Russian officials are still investigating a pair of suicide bombings that killed at least 31 people in the city of Volgograd, but there has yet to be any claim of responsibility or known motive behind the blasts.
But, speculation immediately turned to the volatile North Caucasus region and Chechen rebel leader Doku Umarov.
He has claimed in the past he gave the orders for several other deadly attacks on Russian soil, including the Moscow airport bombing nearly two years ago, double suicide bombings on the Moscow subway in 2010, and a 2009 passenger train attack.
He was also said to be linked to the 2004 siege of a school in Beslan — a terrorist attack that ended with the deaths of more than 380 people.
But the 49-year-old militant gave a warning earlier this year that the Sochi Olympics may be in his sights.
“We know that on the bones of our ancestors, on the bones of many, many Muslims who died and are buried on our territory along the Black Sea, today they plan to stage the Olympic Games. We, as the Mujahedeen, must not allow this to happen by any means possible,” Umarov said in a video message posted online in July.
The suicide bombings on Sunday and Monday took place in the city of Volgograd, about 990* kilometres northeast of the Black Sea resort city where the Olympics will get underway on Feb. 7.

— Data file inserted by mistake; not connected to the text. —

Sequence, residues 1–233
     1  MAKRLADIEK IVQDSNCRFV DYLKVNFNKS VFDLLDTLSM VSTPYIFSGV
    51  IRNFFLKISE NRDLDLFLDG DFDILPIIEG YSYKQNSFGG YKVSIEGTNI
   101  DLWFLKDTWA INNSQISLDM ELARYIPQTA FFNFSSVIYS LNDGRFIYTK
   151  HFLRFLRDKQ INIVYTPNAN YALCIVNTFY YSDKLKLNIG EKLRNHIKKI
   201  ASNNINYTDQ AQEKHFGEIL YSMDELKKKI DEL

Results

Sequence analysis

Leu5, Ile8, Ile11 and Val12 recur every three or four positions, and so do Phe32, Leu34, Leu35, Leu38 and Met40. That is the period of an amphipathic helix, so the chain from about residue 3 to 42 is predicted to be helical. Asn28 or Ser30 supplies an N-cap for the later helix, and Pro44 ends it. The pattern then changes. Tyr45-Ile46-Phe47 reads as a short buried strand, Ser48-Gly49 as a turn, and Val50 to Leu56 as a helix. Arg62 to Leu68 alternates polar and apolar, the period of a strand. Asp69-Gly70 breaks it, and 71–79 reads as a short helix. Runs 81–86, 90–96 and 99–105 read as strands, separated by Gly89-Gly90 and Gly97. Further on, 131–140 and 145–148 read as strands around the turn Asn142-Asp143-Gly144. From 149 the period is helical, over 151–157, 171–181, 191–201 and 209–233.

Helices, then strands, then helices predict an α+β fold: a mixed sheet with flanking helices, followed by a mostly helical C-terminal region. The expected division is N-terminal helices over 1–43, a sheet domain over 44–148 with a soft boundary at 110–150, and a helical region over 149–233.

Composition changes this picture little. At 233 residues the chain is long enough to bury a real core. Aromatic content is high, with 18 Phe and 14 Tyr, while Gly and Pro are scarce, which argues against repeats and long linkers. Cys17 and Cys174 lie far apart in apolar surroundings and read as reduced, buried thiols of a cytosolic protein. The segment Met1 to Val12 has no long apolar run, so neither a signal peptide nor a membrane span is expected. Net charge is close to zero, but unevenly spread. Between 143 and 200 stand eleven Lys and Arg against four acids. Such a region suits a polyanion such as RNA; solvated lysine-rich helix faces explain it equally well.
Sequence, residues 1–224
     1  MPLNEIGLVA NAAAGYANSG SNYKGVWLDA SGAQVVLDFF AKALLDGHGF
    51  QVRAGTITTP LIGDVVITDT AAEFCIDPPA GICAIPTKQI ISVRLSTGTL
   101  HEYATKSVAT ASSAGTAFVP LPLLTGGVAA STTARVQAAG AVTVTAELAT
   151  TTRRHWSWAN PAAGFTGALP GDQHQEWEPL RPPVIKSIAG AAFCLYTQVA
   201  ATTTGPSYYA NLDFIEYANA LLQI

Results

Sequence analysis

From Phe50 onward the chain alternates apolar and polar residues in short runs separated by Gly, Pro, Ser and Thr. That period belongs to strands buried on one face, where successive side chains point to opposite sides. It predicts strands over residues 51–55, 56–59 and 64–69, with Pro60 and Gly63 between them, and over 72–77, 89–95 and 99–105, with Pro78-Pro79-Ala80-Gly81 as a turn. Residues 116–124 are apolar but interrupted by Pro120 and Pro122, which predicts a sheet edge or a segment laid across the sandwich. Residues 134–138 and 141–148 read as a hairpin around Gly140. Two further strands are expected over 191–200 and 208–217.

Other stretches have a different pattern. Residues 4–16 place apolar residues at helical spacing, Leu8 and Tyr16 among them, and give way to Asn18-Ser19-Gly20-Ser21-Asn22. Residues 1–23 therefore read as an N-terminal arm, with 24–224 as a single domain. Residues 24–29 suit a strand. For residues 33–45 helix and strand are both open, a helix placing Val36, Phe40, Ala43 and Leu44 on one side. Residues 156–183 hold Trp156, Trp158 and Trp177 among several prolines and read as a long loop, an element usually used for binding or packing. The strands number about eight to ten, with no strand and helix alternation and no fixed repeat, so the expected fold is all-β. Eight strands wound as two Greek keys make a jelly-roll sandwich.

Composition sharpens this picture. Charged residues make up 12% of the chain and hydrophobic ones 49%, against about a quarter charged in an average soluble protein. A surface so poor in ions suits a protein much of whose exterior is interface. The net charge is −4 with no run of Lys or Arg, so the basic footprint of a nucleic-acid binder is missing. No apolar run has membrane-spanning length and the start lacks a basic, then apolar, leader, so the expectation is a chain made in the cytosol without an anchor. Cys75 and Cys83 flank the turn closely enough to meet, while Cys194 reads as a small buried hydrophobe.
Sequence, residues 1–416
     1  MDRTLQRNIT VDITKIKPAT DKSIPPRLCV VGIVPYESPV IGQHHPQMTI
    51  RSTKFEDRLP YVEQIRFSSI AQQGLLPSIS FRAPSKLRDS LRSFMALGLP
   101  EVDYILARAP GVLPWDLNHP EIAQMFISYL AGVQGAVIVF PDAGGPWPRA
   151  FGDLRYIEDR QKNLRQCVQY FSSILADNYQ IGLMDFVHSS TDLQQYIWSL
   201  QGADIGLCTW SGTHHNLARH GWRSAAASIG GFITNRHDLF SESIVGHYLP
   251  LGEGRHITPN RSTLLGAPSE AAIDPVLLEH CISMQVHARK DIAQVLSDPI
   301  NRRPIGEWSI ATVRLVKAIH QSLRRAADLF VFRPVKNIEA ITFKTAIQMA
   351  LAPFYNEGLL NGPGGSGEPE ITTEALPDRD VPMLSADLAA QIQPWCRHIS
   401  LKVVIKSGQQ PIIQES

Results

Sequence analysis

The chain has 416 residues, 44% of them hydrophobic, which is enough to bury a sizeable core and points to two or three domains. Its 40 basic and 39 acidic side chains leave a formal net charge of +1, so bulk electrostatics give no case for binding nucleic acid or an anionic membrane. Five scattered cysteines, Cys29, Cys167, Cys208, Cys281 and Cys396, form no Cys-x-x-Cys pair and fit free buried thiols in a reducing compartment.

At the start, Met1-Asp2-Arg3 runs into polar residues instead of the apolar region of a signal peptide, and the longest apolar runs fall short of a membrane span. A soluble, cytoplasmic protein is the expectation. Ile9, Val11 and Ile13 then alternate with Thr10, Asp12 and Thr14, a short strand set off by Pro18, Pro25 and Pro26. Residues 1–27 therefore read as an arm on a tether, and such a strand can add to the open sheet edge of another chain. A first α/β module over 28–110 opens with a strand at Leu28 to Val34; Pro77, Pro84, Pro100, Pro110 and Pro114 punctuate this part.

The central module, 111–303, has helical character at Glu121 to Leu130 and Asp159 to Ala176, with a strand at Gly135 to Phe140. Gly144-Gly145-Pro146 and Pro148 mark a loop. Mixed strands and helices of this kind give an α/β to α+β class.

The attacks could be seen as a way of trying to rattle Russia’s nerves ahead of the Games.
Volgograd is a key transport hub that many travellers will pass through en route to Sochi.
WATCH: Do bombings threaten Russia’s ability to safeguard the Olympic Games?
It’s not the first time Umarov has been accused of plotting to attack the Olympic Games site.
Russia’s Federal Security Service and National Anti-Terrorist Committee claimed to have foiled a terrorist plot in 2012, saying authorities seized weapons and ammunition — including portable surface-to-air missiles, landmines and grenade launchers — in the Georgian breakaway republic of Abkhazia, less than 200 kilometres away from Sochi.
Umarov has led an Islamist insurgent organization known as the Caucasus Emirate — a group he formed in 2007, one that declares itself a part of a global jihad and aims to form an Islamic state, or Emirate, in the Northern Caucasus region.
The Emirate would include territories such as Chechnya, Dagestan, Ingushetia and North Ossetia, as well as Krasnodar Krai — the federal subject of Russia where Sochi is situated.
Prior to forming the Caucasus Emirate, Umarov was the president of the Chechen Republic of Ichkeria — a “self-proclaimed secessionist government of Chechnya.”
“The Caucasus Emirate has carried out terrorist activities in Russia, resulting in the death and injury of many Russian civilians and security personnel. Listing these organizations as terrorist entities sends a strong message that such actions will not be tolerated,” Minister Stephen Blaney said.
“Listing terrorist entities facilitates the prosecution of perpetrators and supporters of terrorism, as well as countering terrorist financing,” Blaney said.
The U.S. government and the United Nations gave the same designation to Umarov’s group in 2011.
With files from The Associated Press
*CORRECTION: An earlier version of this story stated Sochi is 650 kilometres from Volgograd. The distance between the two stories is approximately 990 kilometres
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